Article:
pure-flex-jg5cz                             1/1     Running   0          12m
 pure-flex-n8wkw                             1/1     Running   0          6m34s
 pure-flex-rtsv7                             1/1     Running   0          12m
 pure-flex-vtph2                             1/1     Running   0          12m
 pure-flex-w8x22                             1/1     Running   0          12m
 pure-flex-wqr9k                             1/1     Running   0          12m
 pure-flex-xwbww                             1/1     Running   0          12m
 pure-provisioner-9c8dc9f79-xrq6d            1/1     Running   1          12m
 redis-master-demolocal-1-779f74876c-9k24t    1/1     Running   0          12m
 redis-master-demolocal-10-6695b56f47-zgqc7   1/1     Running   0          12m
 redis-master-demolocal-2-778666b57-5xdh8     1/1     Running   0          6m3s
 redis-master-demolocal-3-84848dfb87-fhj6n    1/1     Running   0          12m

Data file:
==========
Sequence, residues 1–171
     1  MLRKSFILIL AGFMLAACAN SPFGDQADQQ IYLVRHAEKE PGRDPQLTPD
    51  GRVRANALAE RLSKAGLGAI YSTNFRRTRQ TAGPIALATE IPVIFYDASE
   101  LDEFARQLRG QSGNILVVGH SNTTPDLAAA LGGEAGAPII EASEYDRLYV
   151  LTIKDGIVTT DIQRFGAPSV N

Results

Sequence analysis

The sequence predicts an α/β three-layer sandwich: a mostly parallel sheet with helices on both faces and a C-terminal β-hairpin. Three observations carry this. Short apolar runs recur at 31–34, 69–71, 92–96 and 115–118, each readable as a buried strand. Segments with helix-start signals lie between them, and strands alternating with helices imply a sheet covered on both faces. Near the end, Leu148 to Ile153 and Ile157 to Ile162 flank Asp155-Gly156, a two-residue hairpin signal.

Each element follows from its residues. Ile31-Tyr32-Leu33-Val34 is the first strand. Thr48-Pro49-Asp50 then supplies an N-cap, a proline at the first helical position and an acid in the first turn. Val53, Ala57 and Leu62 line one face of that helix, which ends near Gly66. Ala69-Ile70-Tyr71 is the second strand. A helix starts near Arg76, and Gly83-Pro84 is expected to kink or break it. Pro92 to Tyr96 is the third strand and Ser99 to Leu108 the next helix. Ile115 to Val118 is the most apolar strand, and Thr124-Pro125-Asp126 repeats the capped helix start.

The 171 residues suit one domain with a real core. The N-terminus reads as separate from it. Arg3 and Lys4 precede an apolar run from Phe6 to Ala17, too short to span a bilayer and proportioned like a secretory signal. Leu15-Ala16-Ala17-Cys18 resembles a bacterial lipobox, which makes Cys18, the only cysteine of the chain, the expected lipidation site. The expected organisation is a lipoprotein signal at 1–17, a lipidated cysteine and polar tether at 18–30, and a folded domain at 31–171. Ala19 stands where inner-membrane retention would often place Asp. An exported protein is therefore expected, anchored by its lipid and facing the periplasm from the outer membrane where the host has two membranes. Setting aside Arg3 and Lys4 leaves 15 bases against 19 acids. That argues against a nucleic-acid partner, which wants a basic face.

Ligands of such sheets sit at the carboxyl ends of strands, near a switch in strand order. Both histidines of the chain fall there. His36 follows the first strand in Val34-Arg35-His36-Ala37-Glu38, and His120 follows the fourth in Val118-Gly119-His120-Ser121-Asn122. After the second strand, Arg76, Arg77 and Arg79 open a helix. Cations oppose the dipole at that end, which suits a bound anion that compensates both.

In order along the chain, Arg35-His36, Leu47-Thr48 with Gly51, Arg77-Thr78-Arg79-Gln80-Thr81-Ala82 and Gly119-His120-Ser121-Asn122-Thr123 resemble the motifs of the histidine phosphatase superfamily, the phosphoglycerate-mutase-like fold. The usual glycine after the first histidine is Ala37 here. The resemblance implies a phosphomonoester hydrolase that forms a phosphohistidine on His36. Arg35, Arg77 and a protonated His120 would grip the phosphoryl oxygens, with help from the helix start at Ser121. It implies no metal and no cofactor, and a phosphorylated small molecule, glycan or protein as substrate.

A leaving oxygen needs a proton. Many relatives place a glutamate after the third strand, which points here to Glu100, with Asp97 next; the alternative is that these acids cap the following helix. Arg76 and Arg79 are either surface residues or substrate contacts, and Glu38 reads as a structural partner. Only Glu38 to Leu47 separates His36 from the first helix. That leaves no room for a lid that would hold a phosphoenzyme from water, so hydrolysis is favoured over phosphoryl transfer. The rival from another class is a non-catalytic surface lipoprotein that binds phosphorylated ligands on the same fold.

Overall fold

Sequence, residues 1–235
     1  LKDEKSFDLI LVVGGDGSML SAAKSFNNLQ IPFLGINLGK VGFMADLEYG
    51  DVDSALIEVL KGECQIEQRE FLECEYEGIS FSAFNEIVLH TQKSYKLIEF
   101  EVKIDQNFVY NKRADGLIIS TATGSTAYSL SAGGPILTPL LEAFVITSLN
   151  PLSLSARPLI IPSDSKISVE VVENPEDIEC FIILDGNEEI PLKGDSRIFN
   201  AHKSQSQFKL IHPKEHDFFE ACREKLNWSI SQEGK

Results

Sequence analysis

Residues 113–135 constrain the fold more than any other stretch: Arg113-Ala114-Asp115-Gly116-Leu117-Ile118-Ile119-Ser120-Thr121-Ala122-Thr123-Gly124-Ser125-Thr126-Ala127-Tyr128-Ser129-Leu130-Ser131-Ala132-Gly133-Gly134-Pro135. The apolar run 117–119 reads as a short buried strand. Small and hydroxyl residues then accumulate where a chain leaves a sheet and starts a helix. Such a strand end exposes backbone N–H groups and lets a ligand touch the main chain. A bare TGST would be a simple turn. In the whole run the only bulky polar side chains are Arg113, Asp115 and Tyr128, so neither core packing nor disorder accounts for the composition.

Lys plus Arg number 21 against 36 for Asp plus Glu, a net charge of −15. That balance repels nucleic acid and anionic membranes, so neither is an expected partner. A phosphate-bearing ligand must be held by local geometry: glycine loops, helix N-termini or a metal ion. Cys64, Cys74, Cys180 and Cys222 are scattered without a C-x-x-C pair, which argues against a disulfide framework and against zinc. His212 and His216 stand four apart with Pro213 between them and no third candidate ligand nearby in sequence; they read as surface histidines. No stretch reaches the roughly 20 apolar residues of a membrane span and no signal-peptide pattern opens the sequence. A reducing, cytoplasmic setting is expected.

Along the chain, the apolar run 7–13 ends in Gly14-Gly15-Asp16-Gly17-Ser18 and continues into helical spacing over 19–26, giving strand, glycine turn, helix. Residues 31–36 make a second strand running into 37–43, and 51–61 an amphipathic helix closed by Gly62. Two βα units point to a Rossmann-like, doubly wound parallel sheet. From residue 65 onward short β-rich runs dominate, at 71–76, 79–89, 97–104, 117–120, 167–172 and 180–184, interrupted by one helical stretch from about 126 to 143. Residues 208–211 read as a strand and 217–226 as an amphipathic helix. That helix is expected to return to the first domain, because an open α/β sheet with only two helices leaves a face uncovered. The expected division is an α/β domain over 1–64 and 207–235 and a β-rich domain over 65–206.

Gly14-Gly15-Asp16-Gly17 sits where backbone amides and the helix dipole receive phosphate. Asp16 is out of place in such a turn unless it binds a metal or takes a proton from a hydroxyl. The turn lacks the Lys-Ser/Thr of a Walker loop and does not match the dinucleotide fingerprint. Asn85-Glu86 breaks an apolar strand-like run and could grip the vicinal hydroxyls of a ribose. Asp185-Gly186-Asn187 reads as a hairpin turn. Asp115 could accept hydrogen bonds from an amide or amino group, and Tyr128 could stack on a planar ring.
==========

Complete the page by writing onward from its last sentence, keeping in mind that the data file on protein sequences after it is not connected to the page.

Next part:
redis-master-demolocal-4-7c9dfdffb9-6cjv5    1/1     Running   0          12m
 redis-master-demolocal-5-65b555fc79-jjdkl    1/1     Running   0          12m
 redis-master-demolocal-6-6d495bfdf-cb5r2     1/1     Running   0          12m
 redis-master-demolocal-7-5c5db655-fx2qd      1/1     Running   0          12m
 redis-master-demolocal-8-74bc65b8d9-2bt8h    1/1     Running   0          12m
 redis-master-demolocal-9-65dd54c587-zb9p2    1/1     Running   0          12m

Thanks, @CodyHosterman. I am Incorrigible.

When Mr. Top10 vBlogger mentions you and your VMworld Session. It is appropriate to always say thank you. If you are interested in what is going on with Pure Storage at VMworld be sure to read through Cody’s post to see all of our sessions. I will have some demos in the booth of Kubernetes on VMware vSphere with PKS (and more). So please be sure to come by and check them out.

Unsure what Cody means…

Get going with MicroK8s

Last week I was getting stickers from the Ubuntu booth during the Open Infrastructure Conference in Denver. I asked a sorta dumb question, since this was a so new to me. My very first Open Infra Conference (formerly OpenStack Summit). I was asking a lot of questions.

I saw a sticker for MicroK8s (Micro-KATES).

Me: What is that?